David Bourget (Western Ontario)
David Chalmers (ANU, NYU)
Rafael De Clercq
Ezio Di Nucci
Jack Alan Reynolds
Learn more about PhilPapers
Although recent work has emphasised the importance of naı¨ve theories to categorisation, there has been little work examining the grain of analysis at which causal information normally influences categorisation. That level of analysis may often go unappreciated because of an ‘‘illusion of explanatory depth’’, in which people think they mentally represent causal explanatory relations in far more detail than they really do. Naı¨ve theories therefore might seem to be irrelevant to categorisation, or perhaps they only involve noting the presence of unknown essences. I argue instead that adults and children alike effectively track high-level causal patterns, often outside awareness, and that this ability is essential to categorisation. Three examples of such pattern-tracking are described. The shallowness of our explanatory understandings may be further supported by a reliance on the division of cognitive labour that occurs in all cultures, a reliance that arises from welldeveloped abilities to cluster knowledge in the minds of others.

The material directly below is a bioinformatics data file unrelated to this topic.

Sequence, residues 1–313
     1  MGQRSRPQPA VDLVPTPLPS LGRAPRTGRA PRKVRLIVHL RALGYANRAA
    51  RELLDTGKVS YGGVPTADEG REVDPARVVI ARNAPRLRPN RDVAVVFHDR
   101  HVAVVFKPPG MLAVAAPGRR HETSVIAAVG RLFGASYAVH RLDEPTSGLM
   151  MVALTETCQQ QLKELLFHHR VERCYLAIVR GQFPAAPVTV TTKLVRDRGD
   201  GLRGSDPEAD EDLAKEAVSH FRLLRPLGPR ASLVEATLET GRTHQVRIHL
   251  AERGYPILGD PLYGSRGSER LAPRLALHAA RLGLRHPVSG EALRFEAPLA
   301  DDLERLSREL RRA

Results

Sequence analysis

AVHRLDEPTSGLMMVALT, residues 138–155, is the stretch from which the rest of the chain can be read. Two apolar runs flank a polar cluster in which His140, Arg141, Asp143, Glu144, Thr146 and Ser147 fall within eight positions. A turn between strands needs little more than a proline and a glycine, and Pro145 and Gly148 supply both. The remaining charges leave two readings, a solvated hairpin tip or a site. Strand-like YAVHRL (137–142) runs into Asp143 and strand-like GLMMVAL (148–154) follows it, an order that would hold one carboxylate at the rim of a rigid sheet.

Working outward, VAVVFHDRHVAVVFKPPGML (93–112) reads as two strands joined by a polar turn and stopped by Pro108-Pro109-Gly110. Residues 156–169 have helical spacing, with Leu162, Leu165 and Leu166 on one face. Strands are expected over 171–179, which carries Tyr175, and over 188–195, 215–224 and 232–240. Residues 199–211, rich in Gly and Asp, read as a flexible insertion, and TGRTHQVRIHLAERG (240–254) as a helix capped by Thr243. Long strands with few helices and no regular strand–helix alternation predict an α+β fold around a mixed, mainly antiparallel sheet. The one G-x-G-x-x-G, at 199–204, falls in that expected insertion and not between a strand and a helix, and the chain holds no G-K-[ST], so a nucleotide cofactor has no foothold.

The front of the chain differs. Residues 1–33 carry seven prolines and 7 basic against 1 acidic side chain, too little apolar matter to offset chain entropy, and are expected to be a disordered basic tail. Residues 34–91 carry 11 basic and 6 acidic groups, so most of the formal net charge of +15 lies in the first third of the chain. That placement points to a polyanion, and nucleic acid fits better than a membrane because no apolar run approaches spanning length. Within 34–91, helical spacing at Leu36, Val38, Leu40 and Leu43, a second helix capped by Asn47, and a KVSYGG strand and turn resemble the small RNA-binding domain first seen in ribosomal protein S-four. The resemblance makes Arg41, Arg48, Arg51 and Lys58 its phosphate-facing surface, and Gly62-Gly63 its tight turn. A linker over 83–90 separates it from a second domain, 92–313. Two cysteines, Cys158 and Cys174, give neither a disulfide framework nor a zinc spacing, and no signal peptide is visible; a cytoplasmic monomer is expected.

|Keywords||No keywords specified (fix it)|
|Categories||categorize this paper)|
Setup an account with your affiliations in order to access resources via your University's proxy server
Configure custom proxy (use this if your affiliation does not provide a proxy)
|Through your library||
References found in this work BETA
No references found.
Citations of this work BETA
No citations found.
Similar books and articles
Luc Steels & Tony Belpaeme (2005). Coordinating Perceptually Grounded Categories Through Language: A Case Study for Colour. Behavioral and Brain Sciences 28 (4):469-489.
Christoph Hoerl (2011). Introduction: Understanding Counterfactuals and Causation. In Christoph Hoerl, Teresa McCormack & Sarah R. Beck (eds.), Understanding Counterfactuals, Understanding Causation. Oxford University Press
Andrew Wayne (2012). Emergence and Singular Limits. Synthese 184 (3):341-356.
Francis Jacques (1999). La catégorisation au travail. Revue de Métaphysique et de Morale 4:539-563.
David K. Henderson (1994). Account for Macro-Level Causation. Synthese 101 (2):129-156.
Elisabetta Zibetti, Vicenç Quera, Charles Tijus & Francesc Salvador Beltran (2001). Reasoning Based on Categorisation for Interpreting and Acting: A First Approach. Mind and Society 2 (2):87-104.
Matthew Nudds (2001). Common-Sense and Scientific Psychology. Croatian Journal of Philosophy 1 (2):171-180.
Vicki Bruce, Steve Langton & Harold Hill (1999). Complexities of Face Perception and Categorisation. Behavioral and Brain Sciences 22 (3):369-370.
Nick Braisby & Bradley Franks (1998). A Creationist Myth: Pragmatic Combination Not Feature Creation. Behavioral and Brain Sciences 21 (1):19-20.
Added to index2009-01-28
Total downloads11 ( #321,681 of 1,911,384 )
Recent downloads (6 months)1 ( #455,910 of 1,911,384 )
How can I increase my downloads?